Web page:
web analytics
July 22, 2014 / 24 Tammuz, 5774
Israel at War: Operation Protective Edge
 
 
At a Glance
Sections
Sponsored Post
IDC Advocacy Room IDC Fights War on Another Front

Student Union opens ‘hasbara’ room in effort to fill public diplomacy vacuum.



When Your Ex Puts Your Child In The Middle (Conclusion)


Neuman-Rabbi-M-Gary

Dear Mordechai,

When I decided to get a divorce, I resolved early on to take the high road. Whenever my children are in earshot, I am careful to refer to my ex in only posi­tive terms. I stick to blame-free explanations for why my marriage ended, and keep my venting phone chats with my sister, late at night, when the kids are asleep. It hasn’t been easy, and no I’m not perfect. I’ve slipped here and there, but overall, I’ve protected my children from the fallout of my feelings. Last weekend, though, my daughter returned from her mother’s house and said, “I know why you and Mommy divorced. It’s be­cause you lied to her!” Guess what? It’s not the first time. I’ve spoken to her about it, and she only defends her behavior; I don’t think she’ll ever change. Now what?

(Answer, continued from last week)

When faced with your ex’s bad behavior, you must be sure that your child understands the following:

• You are responding to your child’s feelings, not to those of your ex.

• Sometimes people – even parents – behave in ways that are inappropriate. You can be trusted with your child’s feelings and confidence; you will not fly off the handle and confront your ex.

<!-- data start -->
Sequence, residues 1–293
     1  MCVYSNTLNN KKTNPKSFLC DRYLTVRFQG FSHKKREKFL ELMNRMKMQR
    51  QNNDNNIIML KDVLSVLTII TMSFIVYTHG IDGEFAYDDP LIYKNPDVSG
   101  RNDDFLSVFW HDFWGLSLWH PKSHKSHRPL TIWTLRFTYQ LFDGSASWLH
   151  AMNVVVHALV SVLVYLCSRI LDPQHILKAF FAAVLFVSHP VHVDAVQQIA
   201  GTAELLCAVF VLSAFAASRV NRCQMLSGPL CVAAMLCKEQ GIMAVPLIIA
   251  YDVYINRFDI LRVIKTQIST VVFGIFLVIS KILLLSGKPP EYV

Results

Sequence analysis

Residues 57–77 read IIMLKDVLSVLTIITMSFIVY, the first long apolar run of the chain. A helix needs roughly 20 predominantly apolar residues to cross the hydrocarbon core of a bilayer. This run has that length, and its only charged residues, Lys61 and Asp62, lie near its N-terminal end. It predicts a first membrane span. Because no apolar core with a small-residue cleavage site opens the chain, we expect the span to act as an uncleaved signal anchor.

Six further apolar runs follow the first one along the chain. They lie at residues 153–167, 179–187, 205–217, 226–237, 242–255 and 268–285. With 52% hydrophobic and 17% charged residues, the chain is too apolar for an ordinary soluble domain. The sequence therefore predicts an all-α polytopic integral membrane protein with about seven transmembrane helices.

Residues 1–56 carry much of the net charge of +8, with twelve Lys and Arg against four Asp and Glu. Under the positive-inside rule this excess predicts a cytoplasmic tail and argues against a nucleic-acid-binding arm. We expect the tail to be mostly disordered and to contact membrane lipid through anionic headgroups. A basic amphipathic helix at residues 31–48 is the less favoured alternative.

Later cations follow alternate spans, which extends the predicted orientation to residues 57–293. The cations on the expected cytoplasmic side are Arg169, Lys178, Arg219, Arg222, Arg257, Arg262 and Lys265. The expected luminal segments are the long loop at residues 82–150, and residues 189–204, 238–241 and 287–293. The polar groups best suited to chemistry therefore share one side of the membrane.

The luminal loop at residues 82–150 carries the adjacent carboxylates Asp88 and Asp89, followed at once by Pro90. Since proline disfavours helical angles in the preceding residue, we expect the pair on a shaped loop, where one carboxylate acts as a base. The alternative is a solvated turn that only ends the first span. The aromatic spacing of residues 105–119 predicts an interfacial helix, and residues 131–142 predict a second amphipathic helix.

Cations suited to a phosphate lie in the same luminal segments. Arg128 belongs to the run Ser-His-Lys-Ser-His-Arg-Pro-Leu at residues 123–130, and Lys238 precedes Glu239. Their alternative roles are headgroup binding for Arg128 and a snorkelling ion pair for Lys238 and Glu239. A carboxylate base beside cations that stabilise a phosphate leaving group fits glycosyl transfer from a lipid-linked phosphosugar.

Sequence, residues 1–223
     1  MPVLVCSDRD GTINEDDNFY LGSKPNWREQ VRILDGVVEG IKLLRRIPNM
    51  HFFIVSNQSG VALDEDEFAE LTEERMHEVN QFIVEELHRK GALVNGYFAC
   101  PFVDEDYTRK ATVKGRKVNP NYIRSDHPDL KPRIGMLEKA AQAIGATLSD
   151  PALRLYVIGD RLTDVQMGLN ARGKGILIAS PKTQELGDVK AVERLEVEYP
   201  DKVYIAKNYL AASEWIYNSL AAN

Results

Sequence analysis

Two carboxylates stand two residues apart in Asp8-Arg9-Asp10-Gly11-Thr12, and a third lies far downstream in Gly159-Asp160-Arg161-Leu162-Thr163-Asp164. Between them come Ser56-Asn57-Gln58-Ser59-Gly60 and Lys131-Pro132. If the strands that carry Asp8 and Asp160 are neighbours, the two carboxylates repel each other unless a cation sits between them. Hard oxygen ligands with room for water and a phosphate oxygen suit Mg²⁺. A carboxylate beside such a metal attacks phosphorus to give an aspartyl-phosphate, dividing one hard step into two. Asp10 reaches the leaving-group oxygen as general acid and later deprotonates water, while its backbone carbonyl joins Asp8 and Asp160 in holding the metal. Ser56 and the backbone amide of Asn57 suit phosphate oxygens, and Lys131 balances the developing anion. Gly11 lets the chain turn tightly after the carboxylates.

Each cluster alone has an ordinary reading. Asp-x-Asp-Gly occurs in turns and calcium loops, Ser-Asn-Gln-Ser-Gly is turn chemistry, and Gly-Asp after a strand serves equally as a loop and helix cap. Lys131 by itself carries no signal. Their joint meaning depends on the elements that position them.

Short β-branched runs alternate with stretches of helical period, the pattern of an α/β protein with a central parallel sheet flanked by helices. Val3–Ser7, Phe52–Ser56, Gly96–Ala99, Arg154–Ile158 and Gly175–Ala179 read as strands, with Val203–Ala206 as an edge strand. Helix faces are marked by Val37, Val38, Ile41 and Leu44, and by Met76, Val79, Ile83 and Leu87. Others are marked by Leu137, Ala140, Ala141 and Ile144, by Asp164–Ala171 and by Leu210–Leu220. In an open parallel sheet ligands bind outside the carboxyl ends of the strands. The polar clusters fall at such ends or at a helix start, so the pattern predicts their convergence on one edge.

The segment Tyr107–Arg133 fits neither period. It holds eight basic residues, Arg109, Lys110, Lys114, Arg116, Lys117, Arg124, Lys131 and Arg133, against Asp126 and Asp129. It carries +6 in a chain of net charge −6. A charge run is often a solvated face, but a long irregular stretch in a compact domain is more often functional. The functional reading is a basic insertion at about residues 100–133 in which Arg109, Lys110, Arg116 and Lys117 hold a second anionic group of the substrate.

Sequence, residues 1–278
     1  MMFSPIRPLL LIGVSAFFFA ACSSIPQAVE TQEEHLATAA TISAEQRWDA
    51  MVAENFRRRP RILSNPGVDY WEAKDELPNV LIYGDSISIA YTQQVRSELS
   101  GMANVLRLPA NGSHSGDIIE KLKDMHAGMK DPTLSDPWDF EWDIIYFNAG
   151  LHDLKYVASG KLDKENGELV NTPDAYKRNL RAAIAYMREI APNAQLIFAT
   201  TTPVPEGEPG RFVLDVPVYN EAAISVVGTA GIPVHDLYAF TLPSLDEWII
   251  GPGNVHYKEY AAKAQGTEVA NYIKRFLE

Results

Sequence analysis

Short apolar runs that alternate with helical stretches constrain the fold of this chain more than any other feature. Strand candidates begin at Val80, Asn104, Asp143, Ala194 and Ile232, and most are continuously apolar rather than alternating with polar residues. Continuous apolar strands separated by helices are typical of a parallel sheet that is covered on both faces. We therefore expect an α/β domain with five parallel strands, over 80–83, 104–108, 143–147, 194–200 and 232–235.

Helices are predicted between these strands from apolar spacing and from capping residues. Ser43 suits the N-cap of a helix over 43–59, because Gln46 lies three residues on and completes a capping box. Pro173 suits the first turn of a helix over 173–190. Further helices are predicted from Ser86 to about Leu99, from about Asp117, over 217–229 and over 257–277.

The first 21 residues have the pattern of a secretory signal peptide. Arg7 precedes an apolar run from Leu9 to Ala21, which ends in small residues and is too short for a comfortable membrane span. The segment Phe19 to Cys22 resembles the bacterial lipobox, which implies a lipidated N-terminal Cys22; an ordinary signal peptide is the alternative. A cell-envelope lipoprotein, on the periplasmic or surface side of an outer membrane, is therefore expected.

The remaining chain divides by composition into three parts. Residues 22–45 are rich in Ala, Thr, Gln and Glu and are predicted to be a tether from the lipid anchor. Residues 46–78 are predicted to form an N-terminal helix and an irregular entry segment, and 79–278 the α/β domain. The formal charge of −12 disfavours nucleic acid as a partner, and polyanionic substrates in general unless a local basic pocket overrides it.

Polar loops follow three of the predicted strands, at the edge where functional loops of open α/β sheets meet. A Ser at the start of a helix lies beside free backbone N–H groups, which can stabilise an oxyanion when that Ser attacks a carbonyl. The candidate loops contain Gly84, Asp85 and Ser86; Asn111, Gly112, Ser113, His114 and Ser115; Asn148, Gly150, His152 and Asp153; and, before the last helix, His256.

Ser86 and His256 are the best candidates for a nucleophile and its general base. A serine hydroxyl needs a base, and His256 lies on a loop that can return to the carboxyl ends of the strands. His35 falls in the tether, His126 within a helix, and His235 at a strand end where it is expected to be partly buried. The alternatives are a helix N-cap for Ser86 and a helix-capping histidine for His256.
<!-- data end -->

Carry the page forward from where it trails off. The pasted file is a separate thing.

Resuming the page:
• You will help your child find better ways to deal with these painful situations in the future.

• So how can you accomplish this without breaking the golden divorce rule of don’t criticize your ex? You stick with how your child feels about your ex’s com­ments instead of dealing with the comments them­selves. In your case, your ex told your child that the divorce ended because you lied. How do you think your daughter felt to be told that her world fell apart be­cause of your lying? You don’t want to say to your child equally venomous words like, “How dare she! You want to talk about lying. She should look in the mirror. You know your mother….” Why would your child ever come to you with similar issues in the future, if she knows that she’ll get more poison? But she is not seeking only answers, but someone who can help her resolve how incredibly awful it feels to hear a parent attempt to destroy her relationship with her other parent. Simply respond to her by telling her that you can imagine how she must have felt under those circumstances – “Wow, you must’ve felt somewhat sad to hear Mom say stuff like that.” This tells your daughter you really hear her “heart,” not just her words.